From three St. Louis Post-Dispatch articles from 19731, 2, 3 that documented the police bust of Nick Sand and his girlfriend it is hard to determine if LSD was actually manufactured here in St. Louis or mainly at their home in what the movie claimed was St. Louis (see photo below), but turned out to be the city of Fenton, Missouri about a 17 mile drive from the St. Louis border.
Anybody who knows St. Louis knows this is not a St. Louis house. This is more a product of the subjective "St. Louis": the 90 or so cities in the suburbs west of St. Louis. When Sand was arrested he told authorities he lived at 425 North Highway 21 in Fenton2. But, the actual address was 425 North Highway 141. The home was razed for interchange expansion at Gravois and 141 and was the area that is currently the Swing Around Fun Town. 

This home is where the evidence piled up that Sand who went by Leland Jordan and his girlfriend Judy Neil Shaughnessy, who went by Judy Jordan.

How did they get caught? Well two things really. Per a 1973 Post-Dispatch article, the Fenton Post Office called the local police to do a check of a "house in the 200 block of North Highway 141" as mail had not been picked up for ~ a month by the occupants of the house that rented the post office box1.

When the Police Chief of Fenton visited the property that the St. Louis Post-Dispatch described as a "secluded mansion on a hilltop in Fenton....which is on an 18-acre tract and is reached by a narrow gravel road blocked by a gate near the property line"2, they found a interior laden with falling plaster and evidence of flooding. Fearing an accident, the police entered the residence. The furnace had run out of fuel and the pipes froze and burst, hence the sounds of running water from the outside and the interior damage witnessed by the police.

When the cops entered, and investigated the source of the leak, they came across 825 gallons of materials for the manufacture of methamphetamine, LSD and other hallucinogens.1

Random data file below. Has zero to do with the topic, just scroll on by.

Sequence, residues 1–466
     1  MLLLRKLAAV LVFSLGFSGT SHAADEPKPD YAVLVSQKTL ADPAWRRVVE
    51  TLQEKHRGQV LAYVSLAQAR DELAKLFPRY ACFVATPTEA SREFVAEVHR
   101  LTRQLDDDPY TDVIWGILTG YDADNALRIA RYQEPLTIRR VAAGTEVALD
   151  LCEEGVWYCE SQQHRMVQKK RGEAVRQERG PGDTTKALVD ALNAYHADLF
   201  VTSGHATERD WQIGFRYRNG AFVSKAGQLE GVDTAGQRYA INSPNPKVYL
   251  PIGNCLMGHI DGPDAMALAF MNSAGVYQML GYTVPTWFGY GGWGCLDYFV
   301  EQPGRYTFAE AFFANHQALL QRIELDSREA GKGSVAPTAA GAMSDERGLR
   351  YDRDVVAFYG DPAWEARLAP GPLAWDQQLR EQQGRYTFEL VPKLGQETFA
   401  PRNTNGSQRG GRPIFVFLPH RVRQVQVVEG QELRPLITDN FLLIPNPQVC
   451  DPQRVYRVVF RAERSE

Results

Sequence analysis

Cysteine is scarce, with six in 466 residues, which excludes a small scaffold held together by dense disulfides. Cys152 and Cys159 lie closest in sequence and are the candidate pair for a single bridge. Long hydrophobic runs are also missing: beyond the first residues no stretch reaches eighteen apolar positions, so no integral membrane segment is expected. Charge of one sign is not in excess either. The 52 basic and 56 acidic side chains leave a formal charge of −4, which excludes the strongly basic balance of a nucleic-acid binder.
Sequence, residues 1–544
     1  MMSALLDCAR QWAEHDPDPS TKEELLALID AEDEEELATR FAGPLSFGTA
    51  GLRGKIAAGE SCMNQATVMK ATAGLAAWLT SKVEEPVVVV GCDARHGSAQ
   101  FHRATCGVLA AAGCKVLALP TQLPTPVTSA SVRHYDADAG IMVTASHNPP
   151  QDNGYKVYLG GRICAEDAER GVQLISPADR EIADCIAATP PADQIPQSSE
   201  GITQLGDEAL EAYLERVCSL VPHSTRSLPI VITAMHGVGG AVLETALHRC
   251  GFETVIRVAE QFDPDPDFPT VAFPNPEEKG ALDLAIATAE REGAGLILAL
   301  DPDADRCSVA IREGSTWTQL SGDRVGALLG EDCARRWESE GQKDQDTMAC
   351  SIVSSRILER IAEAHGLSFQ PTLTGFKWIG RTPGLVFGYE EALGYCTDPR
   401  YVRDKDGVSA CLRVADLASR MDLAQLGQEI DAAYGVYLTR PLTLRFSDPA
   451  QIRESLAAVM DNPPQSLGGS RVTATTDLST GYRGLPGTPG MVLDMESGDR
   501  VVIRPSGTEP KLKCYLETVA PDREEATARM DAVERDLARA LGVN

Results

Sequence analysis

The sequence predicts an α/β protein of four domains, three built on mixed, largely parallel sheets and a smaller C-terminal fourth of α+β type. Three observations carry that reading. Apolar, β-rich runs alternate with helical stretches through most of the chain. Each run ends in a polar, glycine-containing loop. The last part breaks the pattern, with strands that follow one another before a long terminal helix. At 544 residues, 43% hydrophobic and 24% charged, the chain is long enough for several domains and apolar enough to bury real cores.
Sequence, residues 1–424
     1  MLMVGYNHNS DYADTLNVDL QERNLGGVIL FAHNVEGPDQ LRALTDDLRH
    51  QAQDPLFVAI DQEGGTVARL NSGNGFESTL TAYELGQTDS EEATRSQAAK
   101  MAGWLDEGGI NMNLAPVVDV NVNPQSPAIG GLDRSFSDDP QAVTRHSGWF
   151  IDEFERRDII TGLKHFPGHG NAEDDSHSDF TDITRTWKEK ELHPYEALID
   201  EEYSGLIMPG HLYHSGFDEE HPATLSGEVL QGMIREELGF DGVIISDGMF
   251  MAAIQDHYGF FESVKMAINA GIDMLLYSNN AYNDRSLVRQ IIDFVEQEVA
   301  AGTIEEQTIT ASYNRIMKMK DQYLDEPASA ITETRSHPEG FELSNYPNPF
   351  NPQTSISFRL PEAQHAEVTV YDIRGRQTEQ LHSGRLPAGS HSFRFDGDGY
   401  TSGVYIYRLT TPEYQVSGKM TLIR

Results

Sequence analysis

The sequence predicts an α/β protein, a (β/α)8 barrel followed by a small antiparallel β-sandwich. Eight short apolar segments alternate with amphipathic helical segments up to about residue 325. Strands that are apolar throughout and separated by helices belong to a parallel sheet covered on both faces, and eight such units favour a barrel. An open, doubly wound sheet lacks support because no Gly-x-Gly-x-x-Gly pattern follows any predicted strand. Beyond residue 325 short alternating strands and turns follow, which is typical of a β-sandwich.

The St. Louis Post-Dispatch wrote that it was "the largest illegal drug manufacturing operation ever seen in St. Louis County."1 The police described the Fenton home as having "the general appearance of a hippie crash pad", but when they found photos believed to be the residents in the house they were "the straight type." Which Sand and Shaughnessy certainly were.
St. Louis Post-Dispatch Photo

The photo of the Fenton house used in the documentary wasn't the only evidence of activity in the suburbs of St. Louis County; Sand points out that when the bust was going down, the "sheriff in that town got him".  Another clue that "that town" had to be a small town suburb. 

He was busted and booked in Kirkwood, MO per the mugshot:

The couple were returning from a visit to California when they dropped their car off for repairs at 10160 Manchester Road in Kirkwood, MO. They were pulling away from the repair shop when the cops busted them.2

The site is still an auto repair shop today:


The police were on the case. A couple days later, the press used to tablet "half the world's LSD", was recovered from a taxi cab of Leslie Daniels, a young man who was going from a bus stop in Downtown St. Louis to the home in Fenton.3 This bust further provided the evidence needed to make the case against Sand. This press for making the LSD "sunshine tablets" was being sought by the FBI for eight years.

These arrests along with LSD evangelist Timothy Leary (who Richard Nixon claimed was the most dangerous man in America) in the 1970's  brought an end to the psychedelic revolution.

And who would've thought the demise was so closely associated with a lab in St. Louis, a drug house in Fenton, MO and a bust in Kirkwood, MO.


Photographs of the basement of the lab in Fenton showed chemical drums, including at least one marked clearly as being manufactured by Malinkrodt Chemical of St. Louis. Ready access to required chemi cals may have been one of the reasons that the LSD operation was centered in St. Louis.
So maybe raw materials and supply made St. Louis appealing. I reached out to the author of the sourced blog post above, and have not heard back as of publishing. I'll update this post if I hear from him.

So anyway, thanks to the makers of "The Sunshine Makers" for shedding light on a piece of history of my city that I did not know existed and giving me a new adventure to track down.

When I drive by 2209 Delmar, I'll always think of acid and the early 1970's.

I'll be searching for this documentary on DVD to add to my St. Louis collection. Check it out, it's a solid movie with a local connection.

Sources:

1 "Quantity of Drug Materials Seized". St. Louis Post-Dispatch. January 18, 1973. pp. 1, 5.
2 "Pair Arrested in Fenton Drug Case". St. Louis Post-Dispatch. January 20, 1973. pp. 1, 3.
3 "Press for LSD Tablets Confiscated in Fenton". St. Louis Post-Dispatch. January 22, 1973. p. 12b.

1 comment:

Anonymous said...

Just watched this last night and was curious if anyone had sussed out the locales. Thanks for doing the digging and posting this!